Office Parties Back, But on a Budget


The office party is expected to give more workplaces across America a chance to embarrass themselves this holiday season, but don’t break out the party favors just yet.

According to an informal survey conducted by the global outplacement and consulting firm Challenger, Gray & Christmas, 68% of businesses are planning festivities this year, up from 62% a year prior. But of those companies, only 6% intend to spend more on festivities than they did last year.

“We are at a precarious stage in the recovery, where some companies are feeling it more than others,” John A. Challenger, CEO of Challenger, Gray & Christmas, said in the press release. “New York City, in general, is rebounding faster than many other major cities, so parties there might be pretty extravagant. Tech companies on the West Coast are also doing well. But, overall, we are probably still a year or more away from a widespread return to the types of festivities held prior to the recession.”

Most of the survey’s nearly 100 participants (all human resources professionals) say it’s hard to “justify the expense of a party when most we’re fighting to keep people’s jobs,” as one New York executive noted.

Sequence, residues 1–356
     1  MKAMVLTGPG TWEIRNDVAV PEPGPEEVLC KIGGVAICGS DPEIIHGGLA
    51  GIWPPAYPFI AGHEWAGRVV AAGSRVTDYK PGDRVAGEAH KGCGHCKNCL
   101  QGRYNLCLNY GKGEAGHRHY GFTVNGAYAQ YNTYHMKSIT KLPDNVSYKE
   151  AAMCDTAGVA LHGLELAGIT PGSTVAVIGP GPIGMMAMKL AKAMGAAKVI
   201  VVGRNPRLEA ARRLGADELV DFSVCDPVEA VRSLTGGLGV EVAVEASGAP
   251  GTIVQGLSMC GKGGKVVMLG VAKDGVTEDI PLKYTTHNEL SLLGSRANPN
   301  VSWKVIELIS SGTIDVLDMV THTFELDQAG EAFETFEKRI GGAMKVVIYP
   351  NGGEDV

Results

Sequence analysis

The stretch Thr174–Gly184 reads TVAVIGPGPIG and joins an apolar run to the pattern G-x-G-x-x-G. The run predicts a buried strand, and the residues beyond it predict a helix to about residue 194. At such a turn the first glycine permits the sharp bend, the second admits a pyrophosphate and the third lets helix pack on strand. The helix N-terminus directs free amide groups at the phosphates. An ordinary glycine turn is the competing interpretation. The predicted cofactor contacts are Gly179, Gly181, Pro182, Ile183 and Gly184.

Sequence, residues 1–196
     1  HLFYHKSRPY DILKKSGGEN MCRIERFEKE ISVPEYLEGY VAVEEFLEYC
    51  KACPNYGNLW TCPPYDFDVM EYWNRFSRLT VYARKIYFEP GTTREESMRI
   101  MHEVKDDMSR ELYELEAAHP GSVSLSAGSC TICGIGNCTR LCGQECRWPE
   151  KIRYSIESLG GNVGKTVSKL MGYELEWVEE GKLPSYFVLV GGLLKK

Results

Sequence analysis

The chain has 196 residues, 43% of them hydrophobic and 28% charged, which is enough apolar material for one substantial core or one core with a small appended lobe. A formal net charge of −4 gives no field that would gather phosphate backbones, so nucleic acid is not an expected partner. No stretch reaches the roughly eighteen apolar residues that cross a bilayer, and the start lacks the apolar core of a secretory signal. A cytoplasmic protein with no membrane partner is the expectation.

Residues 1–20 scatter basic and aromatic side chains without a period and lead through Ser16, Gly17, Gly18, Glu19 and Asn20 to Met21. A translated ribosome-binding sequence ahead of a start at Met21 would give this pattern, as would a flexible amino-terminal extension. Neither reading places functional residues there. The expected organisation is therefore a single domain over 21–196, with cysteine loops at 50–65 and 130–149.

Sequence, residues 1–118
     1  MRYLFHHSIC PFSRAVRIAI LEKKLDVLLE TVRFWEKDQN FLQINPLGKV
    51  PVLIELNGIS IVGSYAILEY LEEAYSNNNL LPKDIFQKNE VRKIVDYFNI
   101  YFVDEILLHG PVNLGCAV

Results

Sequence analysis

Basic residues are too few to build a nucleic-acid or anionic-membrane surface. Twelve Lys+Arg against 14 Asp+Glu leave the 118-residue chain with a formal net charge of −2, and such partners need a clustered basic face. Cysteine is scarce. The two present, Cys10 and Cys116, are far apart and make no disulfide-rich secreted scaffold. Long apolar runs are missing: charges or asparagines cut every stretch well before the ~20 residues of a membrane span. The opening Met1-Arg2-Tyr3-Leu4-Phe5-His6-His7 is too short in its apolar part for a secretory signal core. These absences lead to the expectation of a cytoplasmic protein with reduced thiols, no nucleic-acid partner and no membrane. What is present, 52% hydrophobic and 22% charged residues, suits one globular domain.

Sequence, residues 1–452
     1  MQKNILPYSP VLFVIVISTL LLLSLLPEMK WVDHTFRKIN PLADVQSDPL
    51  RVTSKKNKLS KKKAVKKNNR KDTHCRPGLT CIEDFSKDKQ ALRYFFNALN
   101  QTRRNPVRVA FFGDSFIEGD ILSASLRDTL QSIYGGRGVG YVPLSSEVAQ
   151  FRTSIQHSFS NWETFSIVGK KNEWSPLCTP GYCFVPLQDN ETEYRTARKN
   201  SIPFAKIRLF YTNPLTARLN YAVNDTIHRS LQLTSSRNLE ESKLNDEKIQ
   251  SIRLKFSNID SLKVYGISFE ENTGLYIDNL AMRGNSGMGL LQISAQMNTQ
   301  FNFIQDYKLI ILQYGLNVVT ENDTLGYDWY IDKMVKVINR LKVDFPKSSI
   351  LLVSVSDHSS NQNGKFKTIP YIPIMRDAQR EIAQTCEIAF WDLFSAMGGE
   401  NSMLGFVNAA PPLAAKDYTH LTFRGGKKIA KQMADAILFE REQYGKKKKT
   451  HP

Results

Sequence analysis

The fear of losing one’s job certainly remains palpable among American workers, as more employees are cutting back not only on spending, but on vacations and down time as well. As an example, 59% of American workers checked their company’s e-mail during Thanksgiving day last week. 

“Some employees would just as soon skip the holiday party in favor of an extra paid vacation day or a little extra money in their year-end paycheck,” Challenger added.  

In light of these concerns, more companies will decidedly spend much less on parties this year. The survey found that about 53% of companies will hold their parties at the office, while 54% of companies will leave out spouses and significant others from the gathering. Other companies, meanwhile, are finding more creative ways to eschew the office party, such as the North American unit of one Swedish industrial parts manufacturer that bestowed its employees with $100 gift cards and a half-day to go shopping.

So what do you think, Main Street? Would you rather have an office party, or should companies keep their pocketbooks closed and focus on saving instead?

Organizing your office's holiday gathering this year? MainStreet has eight helpful tips for throwing a great office party.

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